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20 January 2023

Beauty standards are changing at speed. What’s the impact on our bodies?

Applying fast fashion standards to our bodies through normalised cosmetic surgery is a disturbing and dangerous trend.

By Sarah Manavis

In the last two years a steady stream of tabloid articles, YouTube videos and viral Instagram posts have appeared telling versions of the same story: a celebrity or influencer undoing a major cosmetic procedure. Perhaps it’s one they’ve had for years, perhaps even a feature that they are famous for: Molly-Mae Hague dissolving her cheek and lip fillers, for example, or Cardi B getting her butt implants removed. These “explant” procedures became a trend in themselves, marking the end of the Brazilian butt lifts and plumped faces that defined the 2010s in favour of a more natural look.

Many have characterised this as a positive trend. The public figures undoing their past procedures have experienced an outpouring of praise, not only for their bravery and transparency, but often for “setting a good example” for their typically young, female audiences. Others warn that these changes – a dip in the popularity of face-distorting fillers, more realistic bodies on display – are merely a brief midpoint in a swing of the cultural pendulum towards an equally unattainable set of body ideals.

Fashion and beauty media are heralding a revival of Y2K aesthetics: all flat stomachs, gaunt faces, brows so high they reach your hairline. Much has been written about the booming popularity of buccal fat removal and the possible return of “heroin chic”. But while a return to the rigid, unachievable body types of that decade would be worrying, the truth is we’re not going back to the Noughties but somewhere far worse.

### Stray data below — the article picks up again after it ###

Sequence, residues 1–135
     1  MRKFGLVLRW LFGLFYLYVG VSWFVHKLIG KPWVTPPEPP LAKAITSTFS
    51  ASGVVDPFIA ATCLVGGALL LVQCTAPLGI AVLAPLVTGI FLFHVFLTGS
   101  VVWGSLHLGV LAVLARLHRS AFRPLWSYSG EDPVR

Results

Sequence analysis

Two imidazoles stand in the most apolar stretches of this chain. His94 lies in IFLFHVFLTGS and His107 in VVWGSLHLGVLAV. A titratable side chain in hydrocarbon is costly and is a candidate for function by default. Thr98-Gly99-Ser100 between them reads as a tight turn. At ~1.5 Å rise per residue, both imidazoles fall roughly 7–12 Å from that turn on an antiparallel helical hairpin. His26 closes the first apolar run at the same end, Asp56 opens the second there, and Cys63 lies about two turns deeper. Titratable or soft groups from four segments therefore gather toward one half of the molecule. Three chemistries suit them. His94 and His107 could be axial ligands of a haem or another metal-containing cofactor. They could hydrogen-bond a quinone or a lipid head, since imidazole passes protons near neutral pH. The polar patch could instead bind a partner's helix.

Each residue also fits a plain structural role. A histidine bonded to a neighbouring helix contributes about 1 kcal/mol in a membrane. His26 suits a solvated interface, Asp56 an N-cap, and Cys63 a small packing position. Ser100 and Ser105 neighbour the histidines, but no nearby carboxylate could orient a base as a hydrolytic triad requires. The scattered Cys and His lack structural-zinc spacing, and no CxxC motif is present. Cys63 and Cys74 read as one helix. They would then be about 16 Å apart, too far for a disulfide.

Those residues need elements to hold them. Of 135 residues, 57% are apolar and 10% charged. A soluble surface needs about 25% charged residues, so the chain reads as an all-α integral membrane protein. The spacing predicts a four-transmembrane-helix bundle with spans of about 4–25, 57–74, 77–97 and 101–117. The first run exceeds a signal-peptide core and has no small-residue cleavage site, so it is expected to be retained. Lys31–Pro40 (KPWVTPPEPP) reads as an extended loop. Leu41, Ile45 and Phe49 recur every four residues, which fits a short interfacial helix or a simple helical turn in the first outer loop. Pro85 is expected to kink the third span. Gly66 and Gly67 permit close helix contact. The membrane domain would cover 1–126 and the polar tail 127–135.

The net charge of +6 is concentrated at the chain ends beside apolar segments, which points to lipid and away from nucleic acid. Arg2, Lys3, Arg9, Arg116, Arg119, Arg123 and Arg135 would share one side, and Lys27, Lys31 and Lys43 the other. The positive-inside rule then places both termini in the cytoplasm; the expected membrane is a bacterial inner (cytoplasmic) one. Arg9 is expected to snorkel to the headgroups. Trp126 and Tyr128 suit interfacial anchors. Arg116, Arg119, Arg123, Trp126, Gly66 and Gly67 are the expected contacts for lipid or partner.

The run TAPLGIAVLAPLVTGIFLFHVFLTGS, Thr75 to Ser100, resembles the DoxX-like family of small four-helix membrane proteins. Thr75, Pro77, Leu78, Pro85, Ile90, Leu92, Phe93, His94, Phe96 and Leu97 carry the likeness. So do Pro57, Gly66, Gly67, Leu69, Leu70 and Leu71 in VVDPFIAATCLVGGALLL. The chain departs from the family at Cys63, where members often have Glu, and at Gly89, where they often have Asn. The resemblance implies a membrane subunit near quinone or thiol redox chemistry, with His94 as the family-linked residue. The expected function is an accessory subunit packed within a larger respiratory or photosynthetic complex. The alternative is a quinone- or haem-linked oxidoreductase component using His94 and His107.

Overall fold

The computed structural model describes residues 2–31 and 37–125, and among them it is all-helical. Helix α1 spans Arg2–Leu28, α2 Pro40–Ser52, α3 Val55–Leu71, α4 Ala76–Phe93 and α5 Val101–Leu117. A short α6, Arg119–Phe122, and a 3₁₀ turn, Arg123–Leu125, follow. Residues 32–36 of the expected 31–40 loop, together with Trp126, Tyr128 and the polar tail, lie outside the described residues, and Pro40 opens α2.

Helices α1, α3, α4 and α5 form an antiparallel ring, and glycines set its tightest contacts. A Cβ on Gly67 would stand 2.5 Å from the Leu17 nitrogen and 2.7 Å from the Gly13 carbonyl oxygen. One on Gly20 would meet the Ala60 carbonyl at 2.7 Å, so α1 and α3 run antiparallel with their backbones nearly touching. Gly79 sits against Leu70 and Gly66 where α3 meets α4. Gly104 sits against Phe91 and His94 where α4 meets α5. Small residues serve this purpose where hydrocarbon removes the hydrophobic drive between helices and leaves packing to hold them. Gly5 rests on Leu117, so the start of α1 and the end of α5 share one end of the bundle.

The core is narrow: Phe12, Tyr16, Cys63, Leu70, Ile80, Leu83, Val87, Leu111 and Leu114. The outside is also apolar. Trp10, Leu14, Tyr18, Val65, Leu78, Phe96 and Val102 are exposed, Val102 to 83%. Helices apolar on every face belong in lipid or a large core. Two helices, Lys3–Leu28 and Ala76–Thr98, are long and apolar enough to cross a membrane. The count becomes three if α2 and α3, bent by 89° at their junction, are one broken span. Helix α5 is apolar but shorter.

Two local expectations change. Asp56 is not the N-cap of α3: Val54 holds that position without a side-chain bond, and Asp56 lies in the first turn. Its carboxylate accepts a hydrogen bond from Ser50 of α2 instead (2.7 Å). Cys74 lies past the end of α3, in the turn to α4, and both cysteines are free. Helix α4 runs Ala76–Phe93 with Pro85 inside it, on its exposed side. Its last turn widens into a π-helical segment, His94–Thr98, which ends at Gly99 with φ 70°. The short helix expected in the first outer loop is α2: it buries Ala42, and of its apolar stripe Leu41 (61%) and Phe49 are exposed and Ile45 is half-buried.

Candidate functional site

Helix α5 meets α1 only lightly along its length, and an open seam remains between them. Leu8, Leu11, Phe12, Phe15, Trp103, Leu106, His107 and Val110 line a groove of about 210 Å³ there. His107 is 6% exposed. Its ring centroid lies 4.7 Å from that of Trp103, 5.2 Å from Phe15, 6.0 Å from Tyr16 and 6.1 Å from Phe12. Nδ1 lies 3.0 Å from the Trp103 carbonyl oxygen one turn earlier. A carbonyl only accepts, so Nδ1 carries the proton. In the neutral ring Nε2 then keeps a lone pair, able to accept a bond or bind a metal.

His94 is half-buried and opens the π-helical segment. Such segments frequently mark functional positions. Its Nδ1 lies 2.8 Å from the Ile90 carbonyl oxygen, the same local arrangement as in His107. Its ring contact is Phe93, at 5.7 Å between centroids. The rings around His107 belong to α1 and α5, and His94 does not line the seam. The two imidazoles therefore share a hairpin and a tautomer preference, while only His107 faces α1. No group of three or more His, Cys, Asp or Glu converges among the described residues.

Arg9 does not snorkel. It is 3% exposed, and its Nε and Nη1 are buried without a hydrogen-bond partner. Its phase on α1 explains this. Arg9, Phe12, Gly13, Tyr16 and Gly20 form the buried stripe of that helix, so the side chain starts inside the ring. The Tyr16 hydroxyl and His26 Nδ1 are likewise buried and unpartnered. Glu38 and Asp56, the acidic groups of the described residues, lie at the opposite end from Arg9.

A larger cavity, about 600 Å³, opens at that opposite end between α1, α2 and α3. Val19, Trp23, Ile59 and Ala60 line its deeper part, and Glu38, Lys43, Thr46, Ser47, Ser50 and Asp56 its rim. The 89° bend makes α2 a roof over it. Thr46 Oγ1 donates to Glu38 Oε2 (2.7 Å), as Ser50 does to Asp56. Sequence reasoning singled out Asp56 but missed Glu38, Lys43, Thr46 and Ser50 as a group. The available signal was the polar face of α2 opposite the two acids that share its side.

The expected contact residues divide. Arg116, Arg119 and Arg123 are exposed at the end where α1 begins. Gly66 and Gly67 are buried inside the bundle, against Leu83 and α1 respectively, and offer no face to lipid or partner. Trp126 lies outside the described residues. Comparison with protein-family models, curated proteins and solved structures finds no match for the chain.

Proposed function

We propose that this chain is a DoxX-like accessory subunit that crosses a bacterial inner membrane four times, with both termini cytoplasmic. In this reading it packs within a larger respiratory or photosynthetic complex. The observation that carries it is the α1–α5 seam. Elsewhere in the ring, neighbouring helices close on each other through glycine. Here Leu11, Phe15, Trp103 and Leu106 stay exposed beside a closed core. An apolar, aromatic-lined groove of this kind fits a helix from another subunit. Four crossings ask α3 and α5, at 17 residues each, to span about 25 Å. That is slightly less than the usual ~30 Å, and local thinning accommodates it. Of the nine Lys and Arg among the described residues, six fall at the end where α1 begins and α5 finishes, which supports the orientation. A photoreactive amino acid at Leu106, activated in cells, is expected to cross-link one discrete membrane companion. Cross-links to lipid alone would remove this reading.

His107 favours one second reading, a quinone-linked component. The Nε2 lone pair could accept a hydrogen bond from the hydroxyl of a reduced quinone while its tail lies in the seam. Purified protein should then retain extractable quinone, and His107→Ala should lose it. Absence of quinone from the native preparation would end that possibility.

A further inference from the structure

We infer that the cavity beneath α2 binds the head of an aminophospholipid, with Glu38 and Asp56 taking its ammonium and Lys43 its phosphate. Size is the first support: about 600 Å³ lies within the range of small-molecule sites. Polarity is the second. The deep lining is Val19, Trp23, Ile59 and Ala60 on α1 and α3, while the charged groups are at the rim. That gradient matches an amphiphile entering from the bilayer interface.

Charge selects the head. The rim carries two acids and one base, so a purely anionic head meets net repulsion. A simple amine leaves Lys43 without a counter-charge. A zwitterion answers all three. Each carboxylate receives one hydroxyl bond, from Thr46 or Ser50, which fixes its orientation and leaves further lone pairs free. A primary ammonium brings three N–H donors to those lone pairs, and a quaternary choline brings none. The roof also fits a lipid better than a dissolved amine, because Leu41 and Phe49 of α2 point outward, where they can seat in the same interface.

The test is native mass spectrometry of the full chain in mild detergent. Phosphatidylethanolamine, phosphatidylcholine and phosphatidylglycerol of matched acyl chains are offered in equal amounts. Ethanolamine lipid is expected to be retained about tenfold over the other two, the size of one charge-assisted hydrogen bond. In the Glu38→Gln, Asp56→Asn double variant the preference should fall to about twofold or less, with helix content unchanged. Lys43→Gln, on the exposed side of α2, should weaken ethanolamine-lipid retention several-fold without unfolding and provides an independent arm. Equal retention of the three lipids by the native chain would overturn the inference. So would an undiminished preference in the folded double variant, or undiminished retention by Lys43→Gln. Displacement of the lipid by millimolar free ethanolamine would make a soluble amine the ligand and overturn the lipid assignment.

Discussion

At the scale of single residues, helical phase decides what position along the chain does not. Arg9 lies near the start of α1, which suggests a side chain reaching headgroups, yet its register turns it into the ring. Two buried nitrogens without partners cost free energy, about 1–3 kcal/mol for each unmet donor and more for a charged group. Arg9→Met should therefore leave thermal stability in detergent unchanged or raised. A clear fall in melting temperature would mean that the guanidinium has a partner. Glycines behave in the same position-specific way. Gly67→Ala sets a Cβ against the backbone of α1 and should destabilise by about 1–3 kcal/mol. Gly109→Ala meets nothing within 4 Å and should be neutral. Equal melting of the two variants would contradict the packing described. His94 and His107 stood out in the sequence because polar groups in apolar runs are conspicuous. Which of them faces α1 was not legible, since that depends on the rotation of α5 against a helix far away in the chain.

In the last two decades cosmetic surgery has been normalised for the average person. Alongside the drive for a Kim Kardashian aesthetic there has been a dramatic spike in the number of people getting cosmetic procedures, be it filler or preventative Botox, implants or a butt lift. Our culture is not only accepting of this choice but often uses a watered-down, commercialised strain of feminism to brand it “empowering”. The insidiousness of the cosmetic surgery industry is under-scrutinised as a result.

Now we are witnessing a major shift in mainstream body aesthetics at the same time that surgery and “tweakments” have been popularised. People, mainly women, who have had extensive surgery have largely done so to fit a particular hourglass body type. So what happens now if body trends really are moving in a new, nearly opposite direction? What does more nipping and tucking do to our bodies?

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The most popular procedures of the 2010s are often difficult to undo and those seeking to switch from a curvy physique to a skeletal one are paying expensive rates and taking major risks to do so. Dr Paul Banwell, a prominent plastic surgeon in the south of England with a practice on Harley Street, London, said that alongside a rise in requests for treatments such as buccal fat removal, and a drop in requests for surgeries such as butt lifts, he has also had more requests for reversals of past cosmetic work. “These were not something we commonly needed to perform previously,” he says. “This has changed recently as many patients now actually know it is possible, so some play around with different looks as a ‘fashion’.” He emphasised that a reversal of a butt lift, in particular, is challenging to achieve. Dr Elizabeth Hawkes, a consultant oculoplastic surgeon, says that when it comes to extreme eye lifts (an aesthetic popularised by models such as Bella Hadid), “while it is technically possible to reverse surgery around the eyes, this is difficult to perform and very challenging”.

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The issue isn’t just that a mass undoing and subsequent redoing of cosmetic surgery is underway, but that another dramatic shift in the ideal, fashionable body type will inevitably soon arrive. When it does, people could be undergoing their third round of trend-chasing procedures, even with the risks that come with doing so. We may be left with a generation constantly cutting away at their own bodies.

Narrow beauty standards have always had a negative impact on our self-worth and have driven millions of people to dangerous lengths, even before the rise of surgery. The danger now is that our bodies will be treated like fast fashion – our features altered and cast off to fit every passing trend, at great physical and emotional cost.

[See also: Is TikTok “bombarding” teenage users with harmful content?]

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